Disney took winter to heart last year with a little all-singing, all-shivering animation called Frozen. An Oscar, more than a $1bn in box-office takings and a possible Frozen 2 commission later and it’s not so little anymore. Co-directed by Chris Buck and Jennifer Lee, the film is a Nordic-set tale of friendship, family and fear that features pet reindeer, deconstructable snowmen and an actual ice queen. Empire asked the two Frozeners to talk through the stories behind their colossally popular protagonists...
What was the genesis of Frozen?
Chris Buck: I was intrigued by the story, and I pitched it about five years ago to John Lassiter and Ed Catmull. We all loved the idea of doing a Disney movie in snow and ice, which had never been done before and which is always magical in itself. Also we were all intrigued by the character of the Snow Queen, there's something about her that draws you in. In the book, she's not too well defined; she's just evil. You don't really know a lot about her.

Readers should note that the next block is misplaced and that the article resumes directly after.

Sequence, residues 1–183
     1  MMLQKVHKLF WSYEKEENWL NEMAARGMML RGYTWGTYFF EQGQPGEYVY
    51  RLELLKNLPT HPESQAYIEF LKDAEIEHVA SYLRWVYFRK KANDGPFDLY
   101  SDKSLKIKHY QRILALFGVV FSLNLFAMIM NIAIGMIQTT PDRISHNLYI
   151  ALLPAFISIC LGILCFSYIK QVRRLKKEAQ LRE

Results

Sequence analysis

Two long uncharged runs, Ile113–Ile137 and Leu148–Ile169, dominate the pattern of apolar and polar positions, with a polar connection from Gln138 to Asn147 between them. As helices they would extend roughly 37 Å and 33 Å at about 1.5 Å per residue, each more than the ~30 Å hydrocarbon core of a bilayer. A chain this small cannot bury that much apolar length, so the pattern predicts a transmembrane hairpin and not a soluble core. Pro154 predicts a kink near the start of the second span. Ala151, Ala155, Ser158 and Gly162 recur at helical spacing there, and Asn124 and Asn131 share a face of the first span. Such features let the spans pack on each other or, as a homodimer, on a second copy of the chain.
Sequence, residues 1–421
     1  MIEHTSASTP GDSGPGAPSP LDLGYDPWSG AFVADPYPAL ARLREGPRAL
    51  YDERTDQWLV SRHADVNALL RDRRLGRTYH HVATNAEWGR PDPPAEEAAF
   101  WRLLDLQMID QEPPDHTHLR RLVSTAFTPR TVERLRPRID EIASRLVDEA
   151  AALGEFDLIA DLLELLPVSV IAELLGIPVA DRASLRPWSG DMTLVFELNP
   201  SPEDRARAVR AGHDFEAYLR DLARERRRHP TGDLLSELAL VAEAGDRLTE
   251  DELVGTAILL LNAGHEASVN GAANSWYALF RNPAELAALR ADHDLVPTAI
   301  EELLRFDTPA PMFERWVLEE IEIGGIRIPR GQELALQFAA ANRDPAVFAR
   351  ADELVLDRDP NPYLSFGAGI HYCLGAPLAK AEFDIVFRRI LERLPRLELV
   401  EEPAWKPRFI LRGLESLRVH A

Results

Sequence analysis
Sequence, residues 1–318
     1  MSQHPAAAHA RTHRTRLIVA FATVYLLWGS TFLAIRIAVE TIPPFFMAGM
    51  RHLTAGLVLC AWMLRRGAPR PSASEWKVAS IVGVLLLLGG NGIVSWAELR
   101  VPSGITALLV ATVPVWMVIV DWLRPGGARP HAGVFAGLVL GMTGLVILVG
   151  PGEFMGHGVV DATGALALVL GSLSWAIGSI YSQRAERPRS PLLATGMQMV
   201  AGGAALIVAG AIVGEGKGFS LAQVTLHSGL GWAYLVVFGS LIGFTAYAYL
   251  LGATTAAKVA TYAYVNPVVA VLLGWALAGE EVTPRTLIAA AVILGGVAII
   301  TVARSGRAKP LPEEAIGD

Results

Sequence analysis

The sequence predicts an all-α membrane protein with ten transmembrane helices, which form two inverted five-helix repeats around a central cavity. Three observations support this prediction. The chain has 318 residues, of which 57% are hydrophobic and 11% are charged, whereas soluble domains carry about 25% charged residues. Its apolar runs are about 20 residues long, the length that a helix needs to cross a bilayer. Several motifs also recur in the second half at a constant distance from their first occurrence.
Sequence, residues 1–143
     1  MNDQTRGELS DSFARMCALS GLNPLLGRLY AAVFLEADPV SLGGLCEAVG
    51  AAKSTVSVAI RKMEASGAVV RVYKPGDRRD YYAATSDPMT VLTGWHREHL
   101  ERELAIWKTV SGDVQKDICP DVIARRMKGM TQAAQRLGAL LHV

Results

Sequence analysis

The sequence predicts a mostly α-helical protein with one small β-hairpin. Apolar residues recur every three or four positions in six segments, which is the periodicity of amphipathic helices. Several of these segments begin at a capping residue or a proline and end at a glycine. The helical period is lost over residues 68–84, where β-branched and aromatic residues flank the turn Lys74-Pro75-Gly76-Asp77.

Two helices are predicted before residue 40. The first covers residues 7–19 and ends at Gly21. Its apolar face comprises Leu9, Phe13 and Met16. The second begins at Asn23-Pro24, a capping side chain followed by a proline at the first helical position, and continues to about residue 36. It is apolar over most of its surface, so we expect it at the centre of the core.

Jennifer Lee:: The original story is very poetic and it's one of my favourite fairytales, but to turn it into a film you have to make some concrete choices. We wanted to know who the Snow Queen was, so we started to explore that. The story has an amazing theme, the concept of love versus fear. That's something Disney hadn't done before; it's usually good versus evil. So we decided to work on that theme, and as we did the Snow Queen became more three-dimensional because she was no longer limited to being a villain, the standard fairytale evil queen.